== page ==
The identification of distinct pools of HTB1 transcripts with different PolyA tail lengths in asynchronous cells, specifically in the sen1 and Δrrp6 mutants, prompted us to examine the PolyA tail length on HTB1 transcripts at different stages of the cell cycle. Yeast cells were synchronized at the G1 checkpoint by incubation with α-factor and RNA was isolated from samples taken every 15min following α-factor removal. Cell cycle progression was monitored by FACS (Figure 4A) and the levels of HTB1 mRNAs were determined at each stage of the cell cycle (Figure 4B). Increased levels of HTB1 were evident at 30, 45 and 60min, coinciding with DNA synthesis (Figure 4A) and thereafter decrease, as cells enter into G2-phase (Figure 4B). We have previously shown that HTB1 mRNA levels increase 4- to 5-fold as cells switch from G1 to S-phase (6,19).
The cleavage site usage and the PolyA tail length of HTB1 mRNAs from the cell cycle staged samples were determined as described above. In total 81 individual cDNA clones were analysed, ~8–10 per time point (Figure 5A). The HTB1 mRNA population in cells captured in G1 (0min) appears extremely homogeneous, with cleavage site 4 being exclusively used (Figure 5B). As cells enter S-phase (30–60min) there is an increase in the diversity of 3′-end cleavage sites, with a decrease in the usage of site 4 and an increase in the use of sites 1–3. The decrease in HTB1 mRNA levels detected at 75min (Figure 4B) is accompanied by an increase in transcripts with upstream non-canonical 3′-ends (other than sites 1–5; Figure 5A and C). By 75min, almost 50% of cDNAs represent RNAs with 3′-ends further upstream of the canonical cleavage sites (Figure 5C). A small amount of transcripts with non-canonical 3′-ends are also observed at 15 and 30min (Figure 5B). By 90–120min, when mitosis has occurred, cell cycle synchrony is decreased and therefore 3′-end usage at these latter stages are difficult to interpret, although cleavage site usage appears to revert back to an almost exclusive use of site 4, similar to what is observed at 0min.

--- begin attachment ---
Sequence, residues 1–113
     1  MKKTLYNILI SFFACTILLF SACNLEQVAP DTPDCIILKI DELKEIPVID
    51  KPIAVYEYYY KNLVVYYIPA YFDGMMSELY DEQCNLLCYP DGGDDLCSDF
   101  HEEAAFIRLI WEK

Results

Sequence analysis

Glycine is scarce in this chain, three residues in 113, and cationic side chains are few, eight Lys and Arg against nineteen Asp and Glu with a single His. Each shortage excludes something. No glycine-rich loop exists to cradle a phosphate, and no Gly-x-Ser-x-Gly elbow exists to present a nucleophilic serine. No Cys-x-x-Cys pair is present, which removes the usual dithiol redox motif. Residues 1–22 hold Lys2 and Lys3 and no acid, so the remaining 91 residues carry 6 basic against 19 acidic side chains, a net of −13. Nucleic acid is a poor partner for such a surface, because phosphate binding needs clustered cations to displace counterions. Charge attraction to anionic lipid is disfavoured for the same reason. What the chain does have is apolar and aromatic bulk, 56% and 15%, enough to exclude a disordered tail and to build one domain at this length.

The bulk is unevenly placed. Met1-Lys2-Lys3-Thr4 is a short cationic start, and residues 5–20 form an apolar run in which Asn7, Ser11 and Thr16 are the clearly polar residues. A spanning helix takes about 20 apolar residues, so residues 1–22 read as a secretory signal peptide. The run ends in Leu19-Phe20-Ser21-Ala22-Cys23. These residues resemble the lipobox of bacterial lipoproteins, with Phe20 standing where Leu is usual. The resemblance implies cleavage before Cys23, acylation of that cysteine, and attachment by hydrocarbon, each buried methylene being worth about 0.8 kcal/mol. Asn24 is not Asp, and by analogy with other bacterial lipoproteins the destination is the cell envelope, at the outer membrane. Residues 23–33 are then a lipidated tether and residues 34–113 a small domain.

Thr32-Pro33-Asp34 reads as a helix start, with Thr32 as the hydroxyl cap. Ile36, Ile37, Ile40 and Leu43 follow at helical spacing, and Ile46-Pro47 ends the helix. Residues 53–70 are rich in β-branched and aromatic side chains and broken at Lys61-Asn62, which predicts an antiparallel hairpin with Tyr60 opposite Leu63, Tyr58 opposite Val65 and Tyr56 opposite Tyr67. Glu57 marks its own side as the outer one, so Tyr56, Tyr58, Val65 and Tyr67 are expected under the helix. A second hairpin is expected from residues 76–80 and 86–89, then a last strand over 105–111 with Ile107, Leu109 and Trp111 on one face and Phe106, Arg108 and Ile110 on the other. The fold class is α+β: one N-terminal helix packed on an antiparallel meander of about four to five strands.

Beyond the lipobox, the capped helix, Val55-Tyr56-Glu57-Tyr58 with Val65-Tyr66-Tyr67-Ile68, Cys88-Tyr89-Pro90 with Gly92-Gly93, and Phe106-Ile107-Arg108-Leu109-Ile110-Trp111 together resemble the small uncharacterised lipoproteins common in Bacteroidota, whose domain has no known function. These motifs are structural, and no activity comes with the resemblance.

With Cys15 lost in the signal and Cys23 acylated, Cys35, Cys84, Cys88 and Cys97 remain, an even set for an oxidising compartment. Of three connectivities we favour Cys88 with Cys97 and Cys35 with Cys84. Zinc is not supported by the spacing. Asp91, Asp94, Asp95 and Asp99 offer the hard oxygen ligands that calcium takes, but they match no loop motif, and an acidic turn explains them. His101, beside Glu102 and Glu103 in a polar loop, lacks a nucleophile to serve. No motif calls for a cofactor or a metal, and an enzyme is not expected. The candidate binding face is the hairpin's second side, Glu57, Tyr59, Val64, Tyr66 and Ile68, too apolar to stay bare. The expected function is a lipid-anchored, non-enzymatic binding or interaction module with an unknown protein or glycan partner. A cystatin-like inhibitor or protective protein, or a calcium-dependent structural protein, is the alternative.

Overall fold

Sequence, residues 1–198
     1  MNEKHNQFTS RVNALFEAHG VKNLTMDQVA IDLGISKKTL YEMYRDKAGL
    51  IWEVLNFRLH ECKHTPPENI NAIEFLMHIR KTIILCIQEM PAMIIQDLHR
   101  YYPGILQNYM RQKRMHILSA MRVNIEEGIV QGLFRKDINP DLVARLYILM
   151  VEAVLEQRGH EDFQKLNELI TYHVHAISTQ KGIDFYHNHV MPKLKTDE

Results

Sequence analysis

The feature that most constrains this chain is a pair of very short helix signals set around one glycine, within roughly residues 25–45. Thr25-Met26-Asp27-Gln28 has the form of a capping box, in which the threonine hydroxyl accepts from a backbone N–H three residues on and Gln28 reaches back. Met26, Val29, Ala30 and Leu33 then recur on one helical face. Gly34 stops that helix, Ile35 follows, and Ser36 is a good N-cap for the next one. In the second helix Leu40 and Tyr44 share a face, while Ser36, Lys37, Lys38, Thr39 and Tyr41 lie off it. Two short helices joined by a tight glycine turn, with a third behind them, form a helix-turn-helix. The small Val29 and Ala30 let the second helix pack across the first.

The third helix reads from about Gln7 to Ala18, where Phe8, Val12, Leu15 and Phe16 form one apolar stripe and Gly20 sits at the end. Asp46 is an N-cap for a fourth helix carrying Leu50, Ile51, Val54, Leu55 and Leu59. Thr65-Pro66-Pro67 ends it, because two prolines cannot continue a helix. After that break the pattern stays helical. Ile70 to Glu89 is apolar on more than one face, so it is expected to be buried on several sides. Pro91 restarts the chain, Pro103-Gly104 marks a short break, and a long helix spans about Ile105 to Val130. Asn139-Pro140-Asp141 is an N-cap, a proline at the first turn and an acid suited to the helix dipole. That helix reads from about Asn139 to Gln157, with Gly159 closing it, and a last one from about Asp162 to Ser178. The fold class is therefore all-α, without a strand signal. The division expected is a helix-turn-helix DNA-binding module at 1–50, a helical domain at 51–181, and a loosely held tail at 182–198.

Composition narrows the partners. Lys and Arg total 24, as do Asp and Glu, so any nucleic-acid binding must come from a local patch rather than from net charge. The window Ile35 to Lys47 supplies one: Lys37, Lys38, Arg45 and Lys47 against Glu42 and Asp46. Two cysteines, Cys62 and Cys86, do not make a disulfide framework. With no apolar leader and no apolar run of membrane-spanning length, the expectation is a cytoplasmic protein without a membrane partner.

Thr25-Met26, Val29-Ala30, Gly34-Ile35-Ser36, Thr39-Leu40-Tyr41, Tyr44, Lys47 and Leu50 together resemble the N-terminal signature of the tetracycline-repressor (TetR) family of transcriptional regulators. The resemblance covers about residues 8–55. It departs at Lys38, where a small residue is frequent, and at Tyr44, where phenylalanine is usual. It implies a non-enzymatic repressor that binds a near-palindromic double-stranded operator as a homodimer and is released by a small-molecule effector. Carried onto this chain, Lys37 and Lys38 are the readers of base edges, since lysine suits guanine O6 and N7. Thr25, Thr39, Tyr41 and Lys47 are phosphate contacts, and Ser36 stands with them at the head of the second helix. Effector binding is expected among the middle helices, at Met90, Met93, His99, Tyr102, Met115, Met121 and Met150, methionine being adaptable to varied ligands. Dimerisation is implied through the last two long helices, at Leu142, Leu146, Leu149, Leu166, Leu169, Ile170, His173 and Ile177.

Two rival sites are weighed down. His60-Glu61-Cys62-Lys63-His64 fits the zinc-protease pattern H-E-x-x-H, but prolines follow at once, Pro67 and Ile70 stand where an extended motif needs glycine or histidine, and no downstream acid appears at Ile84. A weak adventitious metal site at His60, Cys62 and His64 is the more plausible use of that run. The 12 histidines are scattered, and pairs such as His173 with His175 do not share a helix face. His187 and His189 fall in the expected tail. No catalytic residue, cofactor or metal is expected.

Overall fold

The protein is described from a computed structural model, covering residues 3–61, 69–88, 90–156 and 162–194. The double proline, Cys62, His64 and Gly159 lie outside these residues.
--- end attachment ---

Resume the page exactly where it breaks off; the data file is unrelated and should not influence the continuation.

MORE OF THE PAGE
We also observed that the PolyA tail length varies significantly as cell progress through the cell cycle. Compared to the asynchronous cell population, the PolyA tails on HTB1 mRNAs in G1 cells (0min) are relatively long with a mean length of 46nt (Figure 6A). As shown in Figure 3 above, tails of >50nt are rarely encountered in asynchronous cells, yet in G1 >60% of RNAs have tails >50nt (Figure 6B). The mean tail length of HTB1 mRNAs decreases as cells progress through the cell cycle (Figure 6A) from 46nt at 0min to 22nt at 45min. The median tail length was 54 and 19nt at these time points, respectively. The percentage of RNAs (cleaved at the canonical 3′-ends) with PolyA tails <25nt increases from 10% to 55%, respectively between 0 and 45min post cell cycle arrest and thereafter decreases with the exception of the 90-min sample (Figure 6B) where the cell population is becoming asynchronous thus making it difficult to assess the true relevance of lengths of PolyA tails in these latter samples.
As mentioned above, a substantial proportion of HTB1 RNAs at times 60 and 75min have non-canonical 3′-ends, all of which lie upstream of the normal cleavage sites (Figure 5A and B) and therefore most likely represent degradation intermediates. The vast majority of these (>90%) do not contain polyA tails. One of the clones from the 75-min sample contained two additional non-encoded A residues at the 3′-end (Figure 5C, indicated by double dagger).